Personal Injury & Medical Malpractice

  • June 20, 2024

    Tesla Let Racism Go Unchecked In Calif. Factories, Suit Says

    Harassment ran rampant in two Tesla factories where racist graffiti was commonplace and Black and Hispanic workers were taunted with racial slurs, according to a suit filed in California state court.

  • June 20, 2024

    Ga. Panel Says $3M Damages Should Be Cut In Crash Case

    The Georgia Court of Appeals reversed and vacated a trial court's $3 million compensatory damages award in a case in which a Southern Oil Refinery LLC truck driver rear-ended another vehicle, killing three people.

  • June 18, 2024

    Company, States Battle In Court Over At-Home Rape Kits

    A fight is brewing in federal and state courts between a company that purports to be the nation's only purveyor of self-administered sexual assault DNA collection kits and state attorneys general who believe it is misleading sexual assault victims.

  • June 18, 2024

    Cuomo's Ex-Aide Details Sex Harrassment Claims In New Suit

    Former New York Gov. Andrew Cuomo's onetime executive assistant has filed a civil lawsuit in New York state court, accusing Cuomo of "outrageous sex discrimination and retaliation" roughly two years after related misdemeanor charges over the alleged misconduct were dropped.

  • June 18, 2024

    Man 'Got Exactly What He Wanted' In Sig Sauer, Ga. Jury Told

    As a weeklong federal trial wrapped up Tuesday, counsel for American gun-maker Sig Sauer told a Georgia jury that a man who claims faulty design of one of the company's pistols caused his gun to accidentally shoot him offered no credible explanation of how and why the pistol went off.

  • June 18, 2024

    Amazon Hit With $5.9M Fine For Violating Calif. Quota Law

    California's labor commissioner has fined Amazon $5.9 million for violating the Golden State's Warehouse Quotas Law, which requires employers to give workers written notice of any quotas they must follow, according to a Tuesday announcement.

  • June 18, 2024

    Group Home's Atty In Europe On Day Of Depos, Court Told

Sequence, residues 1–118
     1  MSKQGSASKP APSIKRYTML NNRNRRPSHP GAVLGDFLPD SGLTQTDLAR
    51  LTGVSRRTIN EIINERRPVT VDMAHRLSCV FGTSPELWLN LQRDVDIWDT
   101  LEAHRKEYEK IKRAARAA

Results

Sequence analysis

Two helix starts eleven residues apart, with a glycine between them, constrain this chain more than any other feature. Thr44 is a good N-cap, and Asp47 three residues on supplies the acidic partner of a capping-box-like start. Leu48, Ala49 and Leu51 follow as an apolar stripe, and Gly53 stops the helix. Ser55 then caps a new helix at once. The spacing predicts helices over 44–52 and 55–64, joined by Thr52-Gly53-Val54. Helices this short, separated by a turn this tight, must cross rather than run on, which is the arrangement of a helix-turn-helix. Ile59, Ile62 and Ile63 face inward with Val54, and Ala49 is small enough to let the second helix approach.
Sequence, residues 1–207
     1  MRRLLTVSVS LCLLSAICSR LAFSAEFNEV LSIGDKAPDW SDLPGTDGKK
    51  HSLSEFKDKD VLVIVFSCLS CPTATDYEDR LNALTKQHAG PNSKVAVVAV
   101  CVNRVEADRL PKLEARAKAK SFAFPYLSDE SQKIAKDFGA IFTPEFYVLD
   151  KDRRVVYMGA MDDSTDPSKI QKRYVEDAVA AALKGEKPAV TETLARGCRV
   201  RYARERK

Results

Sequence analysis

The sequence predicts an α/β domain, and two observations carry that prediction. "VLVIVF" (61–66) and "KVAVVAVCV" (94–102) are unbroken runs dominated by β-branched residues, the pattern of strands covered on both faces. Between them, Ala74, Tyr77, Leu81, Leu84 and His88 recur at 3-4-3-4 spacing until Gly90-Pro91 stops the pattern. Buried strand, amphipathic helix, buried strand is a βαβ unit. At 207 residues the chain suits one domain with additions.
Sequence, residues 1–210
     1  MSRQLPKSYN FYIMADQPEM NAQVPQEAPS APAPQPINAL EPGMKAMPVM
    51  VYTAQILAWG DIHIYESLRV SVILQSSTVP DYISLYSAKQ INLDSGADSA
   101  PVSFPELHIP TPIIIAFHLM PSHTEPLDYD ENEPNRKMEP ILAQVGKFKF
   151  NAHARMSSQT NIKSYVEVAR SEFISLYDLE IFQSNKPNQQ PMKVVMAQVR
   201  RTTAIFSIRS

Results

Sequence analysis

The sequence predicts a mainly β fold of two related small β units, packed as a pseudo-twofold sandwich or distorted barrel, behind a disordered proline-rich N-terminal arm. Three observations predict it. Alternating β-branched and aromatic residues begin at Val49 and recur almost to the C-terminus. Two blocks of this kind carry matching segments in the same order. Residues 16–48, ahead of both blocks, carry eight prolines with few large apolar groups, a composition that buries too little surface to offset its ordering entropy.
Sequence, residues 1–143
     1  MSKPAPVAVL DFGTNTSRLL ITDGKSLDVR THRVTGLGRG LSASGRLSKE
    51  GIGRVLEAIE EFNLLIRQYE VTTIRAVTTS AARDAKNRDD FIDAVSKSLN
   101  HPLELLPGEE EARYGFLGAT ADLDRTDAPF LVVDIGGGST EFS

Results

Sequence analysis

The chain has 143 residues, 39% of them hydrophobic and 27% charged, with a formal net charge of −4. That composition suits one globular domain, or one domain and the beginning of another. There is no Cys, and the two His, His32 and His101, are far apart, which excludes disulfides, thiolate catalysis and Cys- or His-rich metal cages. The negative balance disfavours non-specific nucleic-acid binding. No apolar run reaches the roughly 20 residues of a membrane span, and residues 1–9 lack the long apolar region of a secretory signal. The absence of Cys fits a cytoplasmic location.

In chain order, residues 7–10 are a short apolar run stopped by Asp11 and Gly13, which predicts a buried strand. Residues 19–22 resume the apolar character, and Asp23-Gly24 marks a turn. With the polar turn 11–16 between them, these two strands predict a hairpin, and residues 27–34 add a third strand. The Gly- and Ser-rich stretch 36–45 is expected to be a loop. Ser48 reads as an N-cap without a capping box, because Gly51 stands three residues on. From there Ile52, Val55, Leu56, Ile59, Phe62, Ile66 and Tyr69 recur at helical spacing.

The Connecticut Institute for the Blind should be sanctioned because its attorney went to Europe and three witnesses, including the CEO, failed to appear for depositions after a $13.4 million verdict arising from the death of a group home resident, the man's family told a state court judge Tuesday.

  • June 18, 2024

    Chastened Boeing CEO Vows Fixes In Harsh Senate Hearing

    Boeing's chief steadfastly defended the company's commitment to safety, even as he acknowledged a breakdown in how certain managers responded to whistleblowers who had flagged past questionable design or manufacturing practices, as he endured a grueling public hearing before a Senate panel Tuesday.

  • June 18, 2024

    Insurer Countersues In Penile Implant Coverage Dispute

    An insurer has no duty to defend or indemnify a urologist, his medical device company or his practice in a proposed class action over a penile enlargement implant and procedure, the company told a California federal court, saying the underlying suit doesn't seek bodily injury damages that would trigger coverage.

  • June 18, 2024

    Sandy Hook Families Urge Judge To Reject Alex Jones Appeal

    The parents of children murdered in the Sandy Hook Elementary School shooting told a Houston federal judge on Tuesday the fact they were citing the same precedents as conspiracy theorist Alex Jones is evidence the judge should reject the radio host's bid to challenge a court order preventing him from using his bankruptcy proceedings to avoid paying damages to them.

  • June 18, 2024

    COVID Test Maker Can't Shake All Of $30M Faulty Kit Suit

    A New Jersey federal judge won't let California-based laboratory equipment maker Atila Biosystems Inc. out of a suit alleging it sold faulty COVID-19 testing kits, saying Fusion Diagnostic Laboratories LLC has adequately pled a breach of contract claim.